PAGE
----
But the bulk of the conversation was between Satoshi and James A Donald, his first rival. Donald questioned the viability of Simplified Payment Verification (SPV). He suggested networks would never be able to handle the bandwidth of Bitcoin transactions, suggesting Bitcoin be like a settlement layer to other transactions (much like what the Lightning Network has been developed to be). He questioned how a blockchain could work around the problem of double-spends.
In response, Satoshi patiently explained to him how each piece works. He explained that the distributed ledger was a natural defense against brute force attacks and government intervention. He explained how the blockchain works to weed out double spends. And of course, he had confidence in his original design to scale massively, solving the problems Donald thought he’d avoid with a settlement layer.
In Donald’s eyes, Satoshi hadn’t figured out what the full picture of Bitcoin should be. He dismissively wrote on November 15, “I really should provide a fleshed out version of your proposal, rather than nagging you to fill out the blind spots.”
At the time, Satoshi was polite about it, with maybe one exception where he summarized Donald’s argument as a “lengthy exposition of vulnerability.” Even when Donald was at his most dismissive, Satoshi offered to share his work and teased the upcoming launch of Bitcoin, noting his faith in his “year and a half” of work on the project.
Satoshi’s true feelings
In the years that have followed, Dr. Craig Wright has expressed his true feelings during those fateful weeks after the whitepaper’s release. He was trying to make a better system of money, and Donald was fearful of government intervention. Donald wanted a censorship resistant and anonymous form of money, which Wright has since linked to Donald’s seedier history with child pornography. Wright wanted traceable money. Donald wanted to disappear from the radar of the law.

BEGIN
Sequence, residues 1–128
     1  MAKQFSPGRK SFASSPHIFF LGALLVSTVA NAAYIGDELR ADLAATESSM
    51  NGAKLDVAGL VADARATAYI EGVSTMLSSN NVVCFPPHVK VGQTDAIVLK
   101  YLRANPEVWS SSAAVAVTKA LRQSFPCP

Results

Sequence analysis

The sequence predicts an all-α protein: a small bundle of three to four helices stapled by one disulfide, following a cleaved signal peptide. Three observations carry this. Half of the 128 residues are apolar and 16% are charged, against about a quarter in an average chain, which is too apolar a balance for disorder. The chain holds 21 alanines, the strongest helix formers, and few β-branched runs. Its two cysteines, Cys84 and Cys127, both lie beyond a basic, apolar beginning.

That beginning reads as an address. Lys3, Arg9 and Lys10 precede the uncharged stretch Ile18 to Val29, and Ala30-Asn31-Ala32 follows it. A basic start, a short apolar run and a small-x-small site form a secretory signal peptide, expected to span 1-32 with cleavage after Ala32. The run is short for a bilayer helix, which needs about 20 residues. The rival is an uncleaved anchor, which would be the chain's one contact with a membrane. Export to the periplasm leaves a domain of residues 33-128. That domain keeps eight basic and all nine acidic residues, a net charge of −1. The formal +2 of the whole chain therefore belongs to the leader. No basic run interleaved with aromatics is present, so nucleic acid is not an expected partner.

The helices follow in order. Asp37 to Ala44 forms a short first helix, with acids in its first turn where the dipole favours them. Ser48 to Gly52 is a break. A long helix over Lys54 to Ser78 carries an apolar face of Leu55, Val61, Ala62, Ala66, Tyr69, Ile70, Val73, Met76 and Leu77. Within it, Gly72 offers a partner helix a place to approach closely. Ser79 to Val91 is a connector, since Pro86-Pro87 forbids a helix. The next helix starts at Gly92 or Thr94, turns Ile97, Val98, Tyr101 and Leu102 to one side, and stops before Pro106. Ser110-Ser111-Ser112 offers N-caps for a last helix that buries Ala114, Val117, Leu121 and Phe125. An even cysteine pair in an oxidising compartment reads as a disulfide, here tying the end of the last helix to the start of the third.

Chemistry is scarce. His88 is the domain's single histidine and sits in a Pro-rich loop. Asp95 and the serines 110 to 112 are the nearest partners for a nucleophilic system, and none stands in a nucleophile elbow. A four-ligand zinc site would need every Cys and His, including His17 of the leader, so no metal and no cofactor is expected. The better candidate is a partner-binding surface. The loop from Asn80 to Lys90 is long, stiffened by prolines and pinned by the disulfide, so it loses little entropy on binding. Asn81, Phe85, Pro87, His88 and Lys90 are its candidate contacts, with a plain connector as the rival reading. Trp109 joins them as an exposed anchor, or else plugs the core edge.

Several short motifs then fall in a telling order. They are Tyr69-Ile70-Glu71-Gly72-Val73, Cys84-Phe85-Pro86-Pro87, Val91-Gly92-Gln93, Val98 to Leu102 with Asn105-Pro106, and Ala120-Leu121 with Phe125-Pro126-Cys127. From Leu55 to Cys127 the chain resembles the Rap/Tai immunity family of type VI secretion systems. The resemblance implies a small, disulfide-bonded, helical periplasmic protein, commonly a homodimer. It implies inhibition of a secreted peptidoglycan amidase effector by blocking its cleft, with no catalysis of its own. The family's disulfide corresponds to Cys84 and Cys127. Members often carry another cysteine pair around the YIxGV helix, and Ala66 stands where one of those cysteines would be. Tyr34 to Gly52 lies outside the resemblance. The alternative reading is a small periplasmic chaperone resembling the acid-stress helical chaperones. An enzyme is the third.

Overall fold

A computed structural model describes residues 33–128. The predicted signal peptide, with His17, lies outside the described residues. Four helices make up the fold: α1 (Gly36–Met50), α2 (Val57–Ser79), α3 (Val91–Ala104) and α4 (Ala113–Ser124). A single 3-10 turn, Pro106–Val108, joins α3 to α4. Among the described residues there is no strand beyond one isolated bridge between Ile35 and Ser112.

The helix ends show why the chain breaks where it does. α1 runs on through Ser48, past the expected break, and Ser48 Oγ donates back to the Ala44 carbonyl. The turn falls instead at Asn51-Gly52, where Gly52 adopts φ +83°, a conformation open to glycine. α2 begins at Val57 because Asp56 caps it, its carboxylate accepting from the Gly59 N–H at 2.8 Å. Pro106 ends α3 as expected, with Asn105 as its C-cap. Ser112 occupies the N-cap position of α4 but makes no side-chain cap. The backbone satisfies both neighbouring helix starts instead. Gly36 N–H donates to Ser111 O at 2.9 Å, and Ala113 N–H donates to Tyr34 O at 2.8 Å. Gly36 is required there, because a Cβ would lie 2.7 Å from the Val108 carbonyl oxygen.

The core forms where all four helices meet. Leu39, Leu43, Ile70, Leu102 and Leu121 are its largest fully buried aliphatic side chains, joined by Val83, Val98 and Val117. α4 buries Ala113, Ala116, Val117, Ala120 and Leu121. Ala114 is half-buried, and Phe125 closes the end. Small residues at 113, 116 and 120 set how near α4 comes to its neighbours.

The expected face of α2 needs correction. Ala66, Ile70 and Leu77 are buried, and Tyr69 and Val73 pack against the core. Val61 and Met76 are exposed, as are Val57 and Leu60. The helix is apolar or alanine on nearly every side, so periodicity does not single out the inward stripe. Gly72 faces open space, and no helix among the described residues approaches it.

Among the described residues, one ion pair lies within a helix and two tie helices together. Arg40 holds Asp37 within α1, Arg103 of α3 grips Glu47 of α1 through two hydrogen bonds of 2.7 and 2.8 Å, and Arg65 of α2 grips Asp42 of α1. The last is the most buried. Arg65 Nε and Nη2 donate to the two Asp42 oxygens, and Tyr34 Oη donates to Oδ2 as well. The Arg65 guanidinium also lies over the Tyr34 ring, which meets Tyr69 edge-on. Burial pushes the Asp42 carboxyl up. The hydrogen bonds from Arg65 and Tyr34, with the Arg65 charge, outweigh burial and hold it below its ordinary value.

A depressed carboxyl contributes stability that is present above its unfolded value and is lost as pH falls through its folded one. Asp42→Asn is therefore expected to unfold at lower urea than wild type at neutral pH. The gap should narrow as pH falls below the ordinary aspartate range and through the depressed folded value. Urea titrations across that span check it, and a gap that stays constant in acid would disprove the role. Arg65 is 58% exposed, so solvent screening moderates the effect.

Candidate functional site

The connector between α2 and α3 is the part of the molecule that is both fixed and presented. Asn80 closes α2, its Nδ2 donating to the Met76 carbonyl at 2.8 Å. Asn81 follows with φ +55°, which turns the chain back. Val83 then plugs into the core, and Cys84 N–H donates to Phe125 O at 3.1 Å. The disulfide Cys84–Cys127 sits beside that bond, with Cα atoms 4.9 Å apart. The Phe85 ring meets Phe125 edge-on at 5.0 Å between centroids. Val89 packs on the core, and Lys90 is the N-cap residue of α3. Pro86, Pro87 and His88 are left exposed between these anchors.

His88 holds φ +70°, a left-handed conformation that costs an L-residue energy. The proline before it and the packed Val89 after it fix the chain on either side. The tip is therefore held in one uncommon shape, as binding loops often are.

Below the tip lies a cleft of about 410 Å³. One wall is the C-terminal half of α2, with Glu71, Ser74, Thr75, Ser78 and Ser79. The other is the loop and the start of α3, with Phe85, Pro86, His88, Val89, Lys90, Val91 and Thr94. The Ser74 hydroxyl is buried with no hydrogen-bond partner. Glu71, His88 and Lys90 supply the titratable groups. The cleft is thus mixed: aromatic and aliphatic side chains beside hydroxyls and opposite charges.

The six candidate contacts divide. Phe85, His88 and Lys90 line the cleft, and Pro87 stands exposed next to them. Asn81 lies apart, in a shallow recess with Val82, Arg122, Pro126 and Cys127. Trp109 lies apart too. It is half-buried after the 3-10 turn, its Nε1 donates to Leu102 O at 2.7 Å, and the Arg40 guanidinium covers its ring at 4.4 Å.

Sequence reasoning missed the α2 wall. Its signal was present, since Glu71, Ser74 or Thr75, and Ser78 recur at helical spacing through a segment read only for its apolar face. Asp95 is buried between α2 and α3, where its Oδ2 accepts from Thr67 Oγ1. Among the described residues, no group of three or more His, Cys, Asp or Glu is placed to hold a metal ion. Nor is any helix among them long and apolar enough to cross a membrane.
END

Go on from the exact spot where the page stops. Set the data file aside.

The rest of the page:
Everything found in this November 2008 exchange, as these cryptography experts explored what the Bitcoin white paper could be, have come to define the history of Bitcoin that followed. Wright mined the Genesis Block on January 3, 2009, and released the first version of the Bitcoin software a few days later on January 9 giving birth to Bitcoin. The original vision of Bitcoin, using the ticker symbol BSV, has stuck to the original white paper and views that Satoshi expressed in the weeks that followed. It scales to the needs of the world, and does everything the white paper promised it would.
BTC was created from those who would have argued with Satoshi in November 2009. The BTC developers seek to guard it against governments rather than work with them, and focus on the anonymous nature they believe it should have. Crucially, they refuse to allow it to scale, limiting its usage and think by doing so it will remain as a store of value for those who wish to pursue illicit activity.
October 31, 2008 will forever be the birthday of Bitcoin, which now only lives as BSV. It’s the only coin the Satoshi of 2008 would recognize as his creation.
New to Bitcoin? Check out CoinGeek’s Bitcoin for Beginners section, the ultimate resource guide to learn more about Bitcoin—as originally envisioned by Satoshi Nakamoto—and blockchain.